(3) Has prior sanction or approval under that amendment; or
(4) Is not a food additive under the conditions of intended use.
(c) In the interest of the public health, such articles which have been considered in the past by the Food and Drug Administration to be safe under the provisions of section 402(a)(1), or to be generally recognized as safe for their intended use, or to have prior sanction or approval, or not to be food additives under the conditions of intended use, must be reexamined in the light of current scientific information and current principles for evaluating the safety of food additives if their use is to be continued.
(d) Because of the time span involved, copies of many of the letters in which the Food and Drug Administration has expressed an informal opinion concerning the status of such articles may no longer be in the file of the Food and Drug Administration. In the absence of information concerning the names and uses made of all the articles referred to in such letters, their safety of use cannot be reexamined. For this reason all food additive status opinions of the kind described in paragraph (c) of this section given by the Food and Drug Administration are hereby revoked.
(e) The prior opinions of the kind described in paragraph (c) of this section will be replaced by qualified and current opinions if the recipient of each such letter forwards a copy of each to the Department of Health and Human Services, Food and Drug Administration, Center for Food Safety and Applied Nutrition, 5001 Campus Dr., College Park, MD 20740, along with a copy of his letter of inquiry, on or before July 23, 1970.
(f) This section does not apply to food additive status opinion letters pertaining to articles that were considered by the Food and Drug Administration to be food additives nor to articles included in regulations in parts 170 through 189 of this chapter if the articles are used in accordance with the requirements of such regulations.
(a) The inclusion of food ingredients in parts 170 through 189 of this chapter does not imply that these ingredients may be used in standardized foods unless they are recognized as optional ingredients in applicable food standards. Where a petition is received for the issuance or amendment of a regulation establishing a definition and standard of identity for a food under section 401 of the Act, which proposes the inclusion of a food additive in such definition and standard of identity, the provisions of the regulations in this part shall apply with respect to the information that must be submitted with respect to the food additive. Since section 409(b)(5) of the Act requires that the Secretary publish notice of a petition for the establishment of a food-additive regulation within 30 days after filing, notice of a petition relating to a definition and standard of identity shall also be published within that time limitation if it includes a request, so designated, for the establishment of a regulation pertaining to a food additive.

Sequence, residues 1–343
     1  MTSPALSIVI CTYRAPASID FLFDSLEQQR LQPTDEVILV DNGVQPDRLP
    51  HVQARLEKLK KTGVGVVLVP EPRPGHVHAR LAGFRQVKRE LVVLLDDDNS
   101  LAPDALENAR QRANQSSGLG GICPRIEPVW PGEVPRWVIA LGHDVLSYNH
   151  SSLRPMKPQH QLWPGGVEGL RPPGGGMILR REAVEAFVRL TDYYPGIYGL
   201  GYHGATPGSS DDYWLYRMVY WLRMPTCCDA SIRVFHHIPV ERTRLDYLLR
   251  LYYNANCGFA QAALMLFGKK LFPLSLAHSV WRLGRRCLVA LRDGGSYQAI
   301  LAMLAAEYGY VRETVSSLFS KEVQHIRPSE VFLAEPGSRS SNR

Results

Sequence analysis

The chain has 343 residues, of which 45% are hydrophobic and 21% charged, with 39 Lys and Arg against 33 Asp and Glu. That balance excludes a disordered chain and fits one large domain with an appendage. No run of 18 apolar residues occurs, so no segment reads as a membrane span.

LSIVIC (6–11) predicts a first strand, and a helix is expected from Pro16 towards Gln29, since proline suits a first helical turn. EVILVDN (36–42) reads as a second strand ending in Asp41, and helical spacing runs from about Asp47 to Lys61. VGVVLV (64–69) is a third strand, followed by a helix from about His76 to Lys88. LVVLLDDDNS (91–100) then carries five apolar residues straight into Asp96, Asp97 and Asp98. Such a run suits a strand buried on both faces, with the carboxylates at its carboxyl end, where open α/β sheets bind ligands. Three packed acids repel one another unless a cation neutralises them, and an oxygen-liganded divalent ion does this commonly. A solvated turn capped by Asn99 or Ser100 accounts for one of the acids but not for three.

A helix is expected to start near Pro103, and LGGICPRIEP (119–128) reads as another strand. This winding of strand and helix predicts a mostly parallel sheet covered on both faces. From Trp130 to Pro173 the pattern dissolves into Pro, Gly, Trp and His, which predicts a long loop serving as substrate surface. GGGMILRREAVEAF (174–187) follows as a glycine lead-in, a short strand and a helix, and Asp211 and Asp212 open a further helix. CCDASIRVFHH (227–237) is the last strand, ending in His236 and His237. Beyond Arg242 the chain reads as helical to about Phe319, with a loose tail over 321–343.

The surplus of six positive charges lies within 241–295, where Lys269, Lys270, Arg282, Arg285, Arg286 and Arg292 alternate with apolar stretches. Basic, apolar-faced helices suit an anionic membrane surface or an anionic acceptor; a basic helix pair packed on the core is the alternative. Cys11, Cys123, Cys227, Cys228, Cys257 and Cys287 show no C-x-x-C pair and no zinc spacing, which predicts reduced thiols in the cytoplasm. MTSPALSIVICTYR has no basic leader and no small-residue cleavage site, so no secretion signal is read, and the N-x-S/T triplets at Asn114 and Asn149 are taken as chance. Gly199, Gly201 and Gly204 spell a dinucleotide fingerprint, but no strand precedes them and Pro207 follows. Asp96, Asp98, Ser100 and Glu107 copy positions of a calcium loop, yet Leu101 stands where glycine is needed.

(b) If a petition for a definition and standard of identity contains a proposal for a food-additive regulation, and the petitioner fails to designate it as such, the Commissioner, upon determining that the petition includes a proposal for a food-additive regulation, shall so notify the petitioner and shall thereafter proceed in accordance with the regulations in this part.
(c) A regulation will not be issued allowing the use of a food additive in a food for which a definition and standard of identity is established, unless its issuance is in conformity with section 401 of the Act or with the terms of a temporary permit issued under § 130.17 of this chapter. When the contemplated use of such additive complies with the terms of a temporary permit, the food additive regulation will be conditioned on such compliance and will expire with the expiration of the temporary permit.
(a) The Commissioner upon his own initiative may propose the issuance of a regulation prescribing, with respect to any particular use of a food additive, the conditions under which such additive may be safely used. Notice of such proposal shall be published in the
(b) Action upon a proposal made by the Commissioner shall proceed as provided in part 10 of this chapter.
§ 170.17 - Exemption for investigational use and procedure for obtaining authorization to market edible products from experimental animals.
A food additive or food containing a food additive intended for investigational use by qualified experts shall be exempt from the requirements of section 409 of the Act under the following conditions: